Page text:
Non-isotropic Life-like cellular automaton
Non-isotropic Life-like cellular automata, also called anisotropic Life-like cellular automata, are a generalization of both totalistic and non-totalistic (but isotropic) Life-like cellular automata in which any transition function is allowed. Transitions may thus take into account not just the number of live neighbors of a given cell (as in outer-totalistic CAs) and their alignment relative to each other (as in non-totalistic isotropic CAs), but also their absolute alignment on the grid.
For instance, the following two configurations (which would both be considered 2a in Hensel notation) are distinguished in non-isotropic CAs but not in isotropic ones:
Range-1 Moore neighbourhood
- Main article: Rule integer
Non-isotropic Life-like CAs are typically not given in B/S notation but rather as MAP strings, a notation first introduced by Chris Rowett, the creator of the LifeViewer. MAP strings encode all possible transitions in the range-1 Moore neighbourhood, and every 2-state rule in a range-1 Moore neighbourhood can be represented in this form.
For this purpose, each member of the range-1 Moore neighbourhood of a cell is assigned a number, as follows:
Each possible neighbourhood configuration thus corresponds to a number between 0 and 511, and the transition function can be represented as a 512-bit binary string, where the n-th bit is set to 1 if, in the configuration numbered n, the center cell will be alive in the next generation, and 0 otherwise.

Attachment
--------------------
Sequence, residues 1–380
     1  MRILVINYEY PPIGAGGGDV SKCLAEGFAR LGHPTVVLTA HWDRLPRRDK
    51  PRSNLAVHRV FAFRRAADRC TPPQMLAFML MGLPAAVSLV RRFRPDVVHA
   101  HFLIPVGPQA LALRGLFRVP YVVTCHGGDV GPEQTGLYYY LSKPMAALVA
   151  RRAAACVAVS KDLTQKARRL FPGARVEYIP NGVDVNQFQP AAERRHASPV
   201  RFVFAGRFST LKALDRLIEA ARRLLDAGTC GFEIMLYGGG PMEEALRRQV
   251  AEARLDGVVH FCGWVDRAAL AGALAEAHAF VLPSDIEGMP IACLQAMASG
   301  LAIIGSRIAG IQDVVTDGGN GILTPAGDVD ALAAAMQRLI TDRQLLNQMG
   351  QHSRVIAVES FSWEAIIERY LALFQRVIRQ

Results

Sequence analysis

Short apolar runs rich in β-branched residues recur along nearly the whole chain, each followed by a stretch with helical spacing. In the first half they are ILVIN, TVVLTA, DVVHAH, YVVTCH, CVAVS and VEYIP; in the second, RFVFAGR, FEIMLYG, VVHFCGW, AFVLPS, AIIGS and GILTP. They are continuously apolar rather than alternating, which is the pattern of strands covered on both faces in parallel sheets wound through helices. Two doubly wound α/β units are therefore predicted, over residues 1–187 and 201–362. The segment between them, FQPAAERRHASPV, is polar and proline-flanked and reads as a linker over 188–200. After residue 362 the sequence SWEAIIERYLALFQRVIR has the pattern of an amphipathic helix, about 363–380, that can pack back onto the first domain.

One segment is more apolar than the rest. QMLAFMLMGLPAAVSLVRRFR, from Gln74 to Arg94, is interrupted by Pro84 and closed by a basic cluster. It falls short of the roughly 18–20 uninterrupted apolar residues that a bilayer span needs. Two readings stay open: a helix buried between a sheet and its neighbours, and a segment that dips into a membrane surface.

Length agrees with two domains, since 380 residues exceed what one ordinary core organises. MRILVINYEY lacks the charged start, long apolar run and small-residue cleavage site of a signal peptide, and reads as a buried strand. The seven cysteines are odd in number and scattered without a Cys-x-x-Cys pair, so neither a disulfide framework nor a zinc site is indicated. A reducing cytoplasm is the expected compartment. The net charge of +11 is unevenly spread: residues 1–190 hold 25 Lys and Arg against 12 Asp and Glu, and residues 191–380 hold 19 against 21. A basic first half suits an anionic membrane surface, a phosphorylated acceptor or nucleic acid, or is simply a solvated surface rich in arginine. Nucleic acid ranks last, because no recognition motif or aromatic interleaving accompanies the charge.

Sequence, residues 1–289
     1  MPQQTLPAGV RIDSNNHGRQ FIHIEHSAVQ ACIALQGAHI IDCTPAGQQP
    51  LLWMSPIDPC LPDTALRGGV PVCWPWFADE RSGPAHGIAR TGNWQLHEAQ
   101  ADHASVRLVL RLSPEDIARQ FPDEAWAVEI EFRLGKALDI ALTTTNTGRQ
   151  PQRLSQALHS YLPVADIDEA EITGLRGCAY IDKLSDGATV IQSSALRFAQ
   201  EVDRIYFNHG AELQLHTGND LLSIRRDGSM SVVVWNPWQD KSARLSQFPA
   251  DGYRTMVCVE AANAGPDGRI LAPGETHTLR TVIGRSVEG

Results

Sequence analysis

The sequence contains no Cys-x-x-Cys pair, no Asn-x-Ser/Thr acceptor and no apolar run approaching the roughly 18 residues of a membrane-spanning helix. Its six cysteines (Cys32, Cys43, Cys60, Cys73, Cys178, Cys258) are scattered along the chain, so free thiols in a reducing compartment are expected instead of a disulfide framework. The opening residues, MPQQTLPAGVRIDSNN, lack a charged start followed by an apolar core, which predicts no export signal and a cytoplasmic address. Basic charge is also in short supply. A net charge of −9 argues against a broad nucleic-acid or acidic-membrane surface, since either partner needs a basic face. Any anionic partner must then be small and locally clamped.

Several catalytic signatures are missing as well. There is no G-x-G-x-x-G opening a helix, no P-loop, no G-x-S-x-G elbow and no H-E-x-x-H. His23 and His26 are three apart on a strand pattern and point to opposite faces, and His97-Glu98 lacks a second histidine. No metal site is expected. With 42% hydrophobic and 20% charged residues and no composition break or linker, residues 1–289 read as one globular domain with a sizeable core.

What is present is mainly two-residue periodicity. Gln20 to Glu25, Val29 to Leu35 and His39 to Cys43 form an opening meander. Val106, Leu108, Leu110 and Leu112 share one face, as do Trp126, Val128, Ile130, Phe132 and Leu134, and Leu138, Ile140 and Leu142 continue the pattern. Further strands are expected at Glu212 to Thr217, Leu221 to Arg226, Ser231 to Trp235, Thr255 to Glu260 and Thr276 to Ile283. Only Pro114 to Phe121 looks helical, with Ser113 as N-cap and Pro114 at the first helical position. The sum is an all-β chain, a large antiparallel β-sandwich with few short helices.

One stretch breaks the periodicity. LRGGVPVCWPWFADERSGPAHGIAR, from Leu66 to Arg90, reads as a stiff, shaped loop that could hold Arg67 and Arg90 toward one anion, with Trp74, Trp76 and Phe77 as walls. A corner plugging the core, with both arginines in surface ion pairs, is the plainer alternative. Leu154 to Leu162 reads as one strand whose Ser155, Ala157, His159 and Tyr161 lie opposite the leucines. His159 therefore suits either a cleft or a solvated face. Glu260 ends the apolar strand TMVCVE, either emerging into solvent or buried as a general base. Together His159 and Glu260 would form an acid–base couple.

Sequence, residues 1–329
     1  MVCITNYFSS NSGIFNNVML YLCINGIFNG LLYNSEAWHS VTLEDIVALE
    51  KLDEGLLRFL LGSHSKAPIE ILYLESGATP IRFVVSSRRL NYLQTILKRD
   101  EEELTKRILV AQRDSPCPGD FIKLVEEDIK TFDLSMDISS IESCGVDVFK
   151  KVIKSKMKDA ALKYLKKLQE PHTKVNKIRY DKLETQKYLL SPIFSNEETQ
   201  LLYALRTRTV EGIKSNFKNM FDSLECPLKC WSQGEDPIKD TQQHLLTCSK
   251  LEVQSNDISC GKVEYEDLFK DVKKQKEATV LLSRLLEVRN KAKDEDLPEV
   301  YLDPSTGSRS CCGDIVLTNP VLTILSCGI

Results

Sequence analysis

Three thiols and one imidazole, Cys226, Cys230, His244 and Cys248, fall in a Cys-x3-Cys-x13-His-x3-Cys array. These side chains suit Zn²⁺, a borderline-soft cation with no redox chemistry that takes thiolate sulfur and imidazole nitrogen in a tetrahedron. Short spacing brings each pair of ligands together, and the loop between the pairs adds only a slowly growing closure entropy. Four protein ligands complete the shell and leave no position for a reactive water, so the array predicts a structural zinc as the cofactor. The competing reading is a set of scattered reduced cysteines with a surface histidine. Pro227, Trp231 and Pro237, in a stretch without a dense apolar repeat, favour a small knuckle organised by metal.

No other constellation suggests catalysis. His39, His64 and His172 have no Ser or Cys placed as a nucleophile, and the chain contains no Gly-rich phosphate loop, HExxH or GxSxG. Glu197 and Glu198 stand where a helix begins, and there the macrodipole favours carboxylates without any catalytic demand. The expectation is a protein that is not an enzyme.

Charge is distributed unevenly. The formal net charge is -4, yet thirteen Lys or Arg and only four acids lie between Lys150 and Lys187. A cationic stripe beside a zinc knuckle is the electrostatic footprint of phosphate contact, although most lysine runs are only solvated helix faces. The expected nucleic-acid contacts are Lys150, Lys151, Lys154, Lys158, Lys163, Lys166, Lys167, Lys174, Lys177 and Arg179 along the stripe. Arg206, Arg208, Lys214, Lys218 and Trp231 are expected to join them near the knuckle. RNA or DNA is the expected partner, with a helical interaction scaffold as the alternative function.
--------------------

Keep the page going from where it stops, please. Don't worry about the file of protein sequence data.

The resulting binary string is then further encoded in base64 for brevity, creating a string of 86 characters.
- The range-1 triangular von Neumann neighbourhood has 4 cells (center plus 3 neighbors), which gives 24=16 possible combinations of cells.
- The range-1 von Neumann neighbourhood has 5 cells (center plus 4 neighbors), which gives 25=32 possible combinations of cells; these encode into 6 base 64 characters.
- The range-1 hexagonal neighbourhood has 7 cells (center plus 6 neighbors), which gives 27=128 possible combinations of cells; these encode into 22 base64 characters.
- The range-1 triangular Moore neighbourhood and range-2 von Neumann neighbourhood have 13 cells (center plus 12 neighbors), which gives 213=8192 possible combinations of cells.
- The range-2 Moore and range-3 von Neumann neighbourhoods have 25 cells (center plus 24 neighbors), which gives 225=33554432 possible combinations of cells.
MAP rules can also simulate Generations rules, by adding /(states) to the end of the MAP string.
- Cellular automaton
- Totalistic Life-like cellular automaton
- Non-totalistic Life-like cellular automaton
- Larger than Life